Friday, March 25, 2016

It's ours - a new homestead for us

Yesterday I did the scariest thing I've ever done, aside from signing to buy a car. I signed to buy 3 acres of land, then I signed to buy a 10 X 20 foot portable barn to turn into a tiny home/cabin on the same day. I honestly was just about ill from thinking about the commitment, especially on the land. It's a very long 30 year note and, unless I pay it off really early, I will probably never see the deed if I don't.

So, my plan is to pay it off early! The cabin pays off in 3 years which means I can then use that money to put on the land and pay it down much faster.

We've been using quadrille graph paper to work out how we want to deal with the inside of the cabin. Fortunately, this cabin has a 4 foot loft at each end so that gives more storage space at one end and a sleeping loft for my son in the other end. The seller said we can do what we want with the cabin as long as we don't tear out a side or end wall, or the floor.

First thing we need to do is insulate the walls and ceiling so that staying cooler in the summer and warmer in the winter is less of an issue. We are going to extend one of the lofts so there's just a place between them where a ladder or attic stairs can access them both.

We chose a white metal roof and off-white metal siding so help reflect sunlight, since there aren't really any trees around where it will be placed. We also opted for one more window, in the center of the rear wall, so it's across from the two front windows and the double front door. We plan to only actually use one of the barn-style doors and can place furniture in front of the other one.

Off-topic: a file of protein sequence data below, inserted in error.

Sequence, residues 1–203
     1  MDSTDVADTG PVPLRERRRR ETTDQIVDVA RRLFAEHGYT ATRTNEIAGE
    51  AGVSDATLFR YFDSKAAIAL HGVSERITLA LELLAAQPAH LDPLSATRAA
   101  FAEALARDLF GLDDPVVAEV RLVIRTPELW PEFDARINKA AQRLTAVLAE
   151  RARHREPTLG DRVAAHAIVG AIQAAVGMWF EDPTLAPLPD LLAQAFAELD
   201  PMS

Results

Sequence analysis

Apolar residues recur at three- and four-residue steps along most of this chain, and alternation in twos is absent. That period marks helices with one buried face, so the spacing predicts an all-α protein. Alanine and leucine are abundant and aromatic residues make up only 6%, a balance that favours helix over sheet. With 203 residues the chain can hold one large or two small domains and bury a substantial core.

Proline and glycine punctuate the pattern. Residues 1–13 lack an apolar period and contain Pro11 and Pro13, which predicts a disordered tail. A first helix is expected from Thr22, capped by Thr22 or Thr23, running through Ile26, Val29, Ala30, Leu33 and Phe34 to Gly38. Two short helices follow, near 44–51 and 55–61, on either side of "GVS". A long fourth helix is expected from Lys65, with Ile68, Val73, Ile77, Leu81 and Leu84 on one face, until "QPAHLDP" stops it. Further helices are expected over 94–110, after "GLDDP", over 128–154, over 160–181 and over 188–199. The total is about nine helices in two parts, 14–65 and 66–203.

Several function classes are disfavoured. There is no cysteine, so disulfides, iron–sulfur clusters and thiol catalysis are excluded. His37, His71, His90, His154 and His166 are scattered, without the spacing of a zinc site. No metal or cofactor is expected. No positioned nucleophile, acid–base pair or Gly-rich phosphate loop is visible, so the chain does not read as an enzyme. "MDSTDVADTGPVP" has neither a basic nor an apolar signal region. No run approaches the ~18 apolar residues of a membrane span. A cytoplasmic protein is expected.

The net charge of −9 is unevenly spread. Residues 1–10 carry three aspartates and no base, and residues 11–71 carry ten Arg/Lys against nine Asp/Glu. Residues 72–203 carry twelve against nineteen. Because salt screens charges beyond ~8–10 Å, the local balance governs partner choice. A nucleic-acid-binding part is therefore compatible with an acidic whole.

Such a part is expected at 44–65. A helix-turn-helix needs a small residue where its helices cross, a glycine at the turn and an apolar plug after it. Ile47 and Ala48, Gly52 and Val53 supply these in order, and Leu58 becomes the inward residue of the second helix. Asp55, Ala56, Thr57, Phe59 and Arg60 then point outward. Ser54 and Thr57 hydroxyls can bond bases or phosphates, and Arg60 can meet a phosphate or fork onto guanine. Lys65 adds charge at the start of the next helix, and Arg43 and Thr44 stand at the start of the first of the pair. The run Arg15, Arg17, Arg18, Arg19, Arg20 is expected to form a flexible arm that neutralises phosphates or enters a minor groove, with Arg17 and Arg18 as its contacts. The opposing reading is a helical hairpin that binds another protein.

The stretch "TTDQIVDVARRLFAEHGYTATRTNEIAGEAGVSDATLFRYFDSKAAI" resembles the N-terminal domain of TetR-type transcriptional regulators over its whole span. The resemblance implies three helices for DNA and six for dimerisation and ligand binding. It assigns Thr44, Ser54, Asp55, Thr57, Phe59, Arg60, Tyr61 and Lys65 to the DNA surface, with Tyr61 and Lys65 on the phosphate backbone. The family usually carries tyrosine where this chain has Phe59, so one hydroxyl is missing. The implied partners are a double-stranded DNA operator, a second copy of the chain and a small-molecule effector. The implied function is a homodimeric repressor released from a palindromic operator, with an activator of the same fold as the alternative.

We'll need to get the water going and the sewer connected to the septic tank. Bought a toilet yesterday for really cheap ($40) so we'll install that. Still working out how to get a shower stall in there that doesn't cost an arm and a leg. Thinking of using a small livestock watering tub and fashioning a drain in that to also go into the septic.

Everything will run on solar power or be manually operated to completely eliminate an electric bill. That gives me a few extra bucks each month to get a new battery or expand the solar array. For example, we're thinking we'll put one 85 watt solar panel (which we already have) on top of the well house, add a battery inside the well house along with a small charge controller, and use that mainly for pumping the water. I found a suitable 12v pump on eBay for a reasonable price.

So, as I go along, there'll be lots of updates concerning this new adventure! Stay tuned!

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